Bouchard was influential in convincing his fellow researchers, as well as the public, that some significant part of who we are is influenced by DNA, which was hardly a given when he started his work. Spector and Craig, by contrast, are trying to identify how, exactly, we change in response to the environment. Their essential question is different: How can science identify genes that have been flicked on or off, with potentially harmful results, so they can be switched back the other way? Traditional twin studies were perceived to be seeking the immutable; epigenetic twin studies try to clarify what, in us, is subject to change — and more specifically, what mechanisms make that change happen.
Falling Into a Hole
A local politician had accompanied the group on the hike to Santander. Along the way, he tried to persuade the group to visit a nearby attraction: the second-biggest hole in Colombia, a cavernous pit 500 feet wide and 600 feet deep. Locals like to get on their bellies, inch their way up to its rim and peer down into the abyss.
The second-biggest hole became a recurring joke among the brothers, but for Yesika Montoya, the Colombian psychologist, it also became something of a metaphor for the young men’s experience. She was trying to get them to identify their feelings about all they had gone through, partly by recalling the physical sensations that they felt at various stages. ‘‘It was vertigo,’’ Jorge told her, as he described waiting for William the first time they met. ‘‘I felt a pressure. Like when you go on the roller coaster and you’re falling.’’
Montoya imagined that feeling to be like ‘‘going down a hole and not being able to feel the bottom.’’ She added: ‘‘It never stops. And just when you have put a foot here or there, you keep going down.’’
The process of spending time with Segal and Montoya and sharing their life histories necessarily changed the young men’s experience of their reunion. Carlos seemed surprised at one point when Segal asked him to describe the ways in which he and Wilber differed. ‘‘Well, the thing is, we’ve always focused on what our similarities are,’’ Carlos said. ‘‘We haven’t actually talked about our differences.’’ He seemed pleased, at last, to be given the opportunity.
At the time, Carlos pointed out that he liked older women, while Wilber liked younger ones. But the answer was, of course, far more complicated. Carlos was like Wilber in large, sweeping ways, and unlike him in infinite small ways: the expressions that darted across his and his face alone, the thoughts and worries that filled his mind. Carlos was, for better or for worse, more cynical than Wilber, more suave; Wilber was more joyful around small children, quicker to laugh out loud.
Jorge and William, too, have obvious differences. Jorge is a dreamer, a restless traveler, an optimist who believes that ‘‘if you give your best to the world, it will give its best back.’’ William’s face, more narrow, more gaunt, reflects a far warier outlook. ‘‘Nothing in life is easy,’’ he remarked once, a sentiment that you could hardly imagine Jorge expressing.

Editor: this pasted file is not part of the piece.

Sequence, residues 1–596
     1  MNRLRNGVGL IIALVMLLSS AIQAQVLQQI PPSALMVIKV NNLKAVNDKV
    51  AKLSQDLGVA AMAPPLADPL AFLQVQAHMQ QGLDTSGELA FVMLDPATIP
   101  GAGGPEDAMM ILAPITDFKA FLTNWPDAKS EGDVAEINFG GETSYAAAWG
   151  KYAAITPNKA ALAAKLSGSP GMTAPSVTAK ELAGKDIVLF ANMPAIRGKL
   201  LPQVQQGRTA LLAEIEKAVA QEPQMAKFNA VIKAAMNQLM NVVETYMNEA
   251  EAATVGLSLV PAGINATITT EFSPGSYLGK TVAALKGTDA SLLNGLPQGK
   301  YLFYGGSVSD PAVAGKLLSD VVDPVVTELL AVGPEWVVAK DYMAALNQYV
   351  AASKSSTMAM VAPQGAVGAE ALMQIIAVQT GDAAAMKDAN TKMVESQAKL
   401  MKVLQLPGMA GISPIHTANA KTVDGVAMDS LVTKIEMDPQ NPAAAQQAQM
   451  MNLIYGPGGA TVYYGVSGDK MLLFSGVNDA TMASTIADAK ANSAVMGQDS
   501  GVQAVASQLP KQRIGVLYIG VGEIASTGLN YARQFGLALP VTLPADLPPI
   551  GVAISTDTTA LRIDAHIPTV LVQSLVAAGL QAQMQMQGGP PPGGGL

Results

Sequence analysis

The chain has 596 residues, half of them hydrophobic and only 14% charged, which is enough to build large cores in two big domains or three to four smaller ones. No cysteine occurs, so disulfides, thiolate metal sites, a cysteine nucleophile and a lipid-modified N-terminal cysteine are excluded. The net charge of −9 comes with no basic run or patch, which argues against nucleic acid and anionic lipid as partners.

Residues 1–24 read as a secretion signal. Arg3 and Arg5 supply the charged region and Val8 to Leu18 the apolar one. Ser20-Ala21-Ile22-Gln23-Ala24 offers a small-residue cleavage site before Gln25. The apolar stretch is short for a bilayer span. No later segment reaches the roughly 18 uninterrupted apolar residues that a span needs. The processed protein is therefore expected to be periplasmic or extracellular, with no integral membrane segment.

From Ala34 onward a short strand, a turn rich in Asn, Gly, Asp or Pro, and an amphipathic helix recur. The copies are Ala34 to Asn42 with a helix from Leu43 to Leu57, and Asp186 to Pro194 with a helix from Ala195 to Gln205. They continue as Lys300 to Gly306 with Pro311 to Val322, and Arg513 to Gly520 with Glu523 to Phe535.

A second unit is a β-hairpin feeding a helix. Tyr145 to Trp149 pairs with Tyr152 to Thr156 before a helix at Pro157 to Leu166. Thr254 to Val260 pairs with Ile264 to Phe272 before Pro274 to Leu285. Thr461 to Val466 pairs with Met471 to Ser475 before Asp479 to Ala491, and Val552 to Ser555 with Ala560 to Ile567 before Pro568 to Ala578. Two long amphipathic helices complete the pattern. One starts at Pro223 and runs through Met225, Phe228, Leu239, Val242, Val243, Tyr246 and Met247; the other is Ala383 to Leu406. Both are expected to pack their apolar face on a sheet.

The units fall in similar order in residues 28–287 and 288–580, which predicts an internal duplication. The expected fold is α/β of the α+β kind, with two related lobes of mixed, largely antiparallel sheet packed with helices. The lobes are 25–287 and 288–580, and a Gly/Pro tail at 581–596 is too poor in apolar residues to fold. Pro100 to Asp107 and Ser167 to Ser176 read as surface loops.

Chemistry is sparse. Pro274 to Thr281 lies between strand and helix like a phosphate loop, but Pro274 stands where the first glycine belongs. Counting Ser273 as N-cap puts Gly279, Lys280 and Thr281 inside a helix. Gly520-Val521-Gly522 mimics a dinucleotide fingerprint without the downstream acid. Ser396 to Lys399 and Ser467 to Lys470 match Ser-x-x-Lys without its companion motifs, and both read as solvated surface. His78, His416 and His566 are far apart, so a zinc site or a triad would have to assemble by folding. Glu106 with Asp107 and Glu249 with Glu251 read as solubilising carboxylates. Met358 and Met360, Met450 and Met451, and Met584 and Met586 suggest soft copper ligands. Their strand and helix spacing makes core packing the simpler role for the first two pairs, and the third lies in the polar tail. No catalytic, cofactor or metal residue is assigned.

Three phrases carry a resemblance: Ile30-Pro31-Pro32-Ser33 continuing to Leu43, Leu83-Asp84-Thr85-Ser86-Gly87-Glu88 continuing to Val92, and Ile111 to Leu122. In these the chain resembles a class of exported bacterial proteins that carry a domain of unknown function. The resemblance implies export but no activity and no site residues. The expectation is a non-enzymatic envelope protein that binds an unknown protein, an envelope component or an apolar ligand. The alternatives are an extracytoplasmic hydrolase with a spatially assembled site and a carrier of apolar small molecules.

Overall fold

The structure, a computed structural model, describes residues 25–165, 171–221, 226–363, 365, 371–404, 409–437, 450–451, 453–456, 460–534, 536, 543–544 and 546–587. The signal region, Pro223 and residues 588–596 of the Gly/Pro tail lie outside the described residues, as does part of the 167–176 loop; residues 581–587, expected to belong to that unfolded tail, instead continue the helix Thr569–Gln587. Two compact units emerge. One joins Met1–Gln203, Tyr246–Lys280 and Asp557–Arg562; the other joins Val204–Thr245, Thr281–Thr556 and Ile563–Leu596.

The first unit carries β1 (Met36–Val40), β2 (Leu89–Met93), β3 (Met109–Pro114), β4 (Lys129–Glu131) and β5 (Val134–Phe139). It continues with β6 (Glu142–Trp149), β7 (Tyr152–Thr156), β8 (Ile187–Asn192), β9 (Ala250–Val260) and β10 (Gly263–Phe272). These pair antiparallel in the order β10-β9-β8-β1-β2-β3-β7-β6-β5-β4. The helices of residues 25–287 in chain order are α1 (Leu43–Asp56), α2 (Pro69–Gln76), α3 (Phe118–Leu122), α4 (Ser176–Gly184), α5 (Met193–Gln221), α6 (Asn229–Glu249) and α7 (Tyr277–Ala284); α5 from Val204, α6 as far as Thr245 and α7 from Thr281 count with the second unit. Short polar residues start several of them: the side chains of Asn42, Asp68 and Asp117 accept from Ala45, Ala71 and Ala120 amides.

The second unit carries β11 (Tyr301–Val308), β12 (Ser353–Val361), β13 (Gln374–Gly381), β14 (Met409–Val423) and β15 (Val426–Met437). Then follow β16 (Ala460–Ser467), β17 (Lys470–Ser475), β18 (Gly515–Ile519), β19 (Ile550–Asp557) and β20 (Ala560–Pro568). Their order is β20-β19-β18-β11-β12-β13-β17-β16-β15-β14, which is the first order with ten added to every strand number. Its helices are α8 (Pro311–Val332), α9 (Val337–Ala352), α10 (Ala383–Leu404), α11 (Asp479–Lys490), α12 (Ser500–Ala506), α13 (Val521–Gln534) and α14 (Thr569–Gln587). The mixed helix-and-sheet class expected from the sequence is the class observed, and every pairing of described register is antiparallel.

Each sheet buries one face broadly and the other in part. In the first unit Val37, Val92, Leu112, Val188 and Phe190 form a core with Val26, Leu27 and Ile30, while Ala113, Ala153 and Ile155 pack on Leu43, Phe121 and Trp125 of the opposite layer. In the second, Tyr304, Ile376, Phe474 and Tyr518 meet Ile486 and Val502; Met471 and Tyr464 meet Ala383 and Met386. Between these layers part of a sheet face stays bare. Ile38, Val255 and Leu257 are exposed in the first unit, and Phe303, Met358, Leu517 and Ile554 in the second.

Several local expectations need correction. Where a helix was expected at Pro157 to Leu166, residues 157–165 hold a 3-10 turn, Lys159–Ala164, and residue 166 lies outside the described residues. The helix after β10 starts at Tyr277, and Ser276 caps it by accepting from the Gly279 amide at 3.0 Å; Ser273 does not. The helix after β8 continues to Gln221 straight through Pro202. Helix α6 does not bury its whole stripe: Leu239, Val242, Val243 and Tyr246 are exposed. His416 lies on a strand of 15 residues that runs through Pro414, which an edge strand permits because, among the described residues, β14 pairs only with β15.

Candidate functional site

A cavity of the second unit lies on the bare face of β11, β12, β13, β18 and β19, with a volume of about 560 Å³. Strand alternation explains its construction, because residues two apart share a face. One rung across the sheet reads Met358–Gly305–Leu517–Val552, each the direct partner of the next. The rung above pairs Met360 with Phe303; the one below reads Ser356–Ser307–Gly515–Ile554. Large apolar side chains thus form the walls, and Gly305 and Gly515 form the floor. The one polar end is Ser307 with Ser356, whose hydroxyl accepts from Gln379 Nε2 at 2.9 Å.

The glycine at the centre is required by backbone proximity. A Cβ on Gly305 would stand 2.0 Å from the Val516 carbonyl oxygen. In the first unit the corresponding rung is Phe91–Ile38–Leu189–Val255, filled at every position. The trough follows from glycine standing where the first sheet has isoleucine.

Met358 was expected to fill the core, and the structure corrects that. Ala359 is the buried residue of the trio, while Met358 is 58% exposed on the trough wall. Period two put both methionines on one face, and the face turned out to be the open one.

Carlos could feel Jorge drifting toward his identical twin. It was making him feel lonelier than ever.
Was every one of these differences learned? Did some reflect different epigenetics? Perhaps there might be some extra biological protection built in for Wilber and Jorge, who, unlike Carlos and William, had been raised in their biological mothers’ arms. The mother who raised Carlos loved him, he knew. But he was also aware that a cousin had moved in with them when they were babies, expressly so that each child could be the beneficiary of the form of attachment parenting the hospital was encouraging at the time. Their mother wore Jorge in a sling; it was the cousin who wore Carlos.
In May, Carlos told Wilber that he wanted to visit his biological family, but without crowds of relatives or psychologists or camera crews. And Wilber passed that on to William. It was becoming easier for William to accept that Carlos’s reserve on those excursions to Santander was not so much in reaction to his new family as it was in response to the public nature of the outings. On a weekend in June when Wilber unfortunately had to work, William, Jorge and Carlos took a bus to see Carmelo and Ana for a relaxed, private visit.
Carlos sat next to William on the bus on their way up and listened as William, who had become something of a local celebrity in Santander, talked about his plans to run for City Council in La Paz. Carlos did not think much of Colombian politicians, but he was impressed by William’s ambition; he liked that William was taking a class to learn Microsoft Word. He had discovered, from the questions Segal and Montoya asked, that Wilber had no intention of returning to school. That disappointed him; he wanted to talk to Wilber about more than women. He wanted more for Wilber — wanted more from Wilber, but he was starting to think he might not get it.
Carlos knew Wilber wanted the two of them to spend more time together. But he also knew that Wilber, at some level, understood that Carlos was a solitary soul. Wilber, at any rate, had a life of his own and a new girlfriend, who had two young children whose photos he showed off, with admiration, to anyone who would look. The whole experience was less complicated for Wilber than for the other three brothers — simply because, as Wilber himself put it, he was not a very complicated person.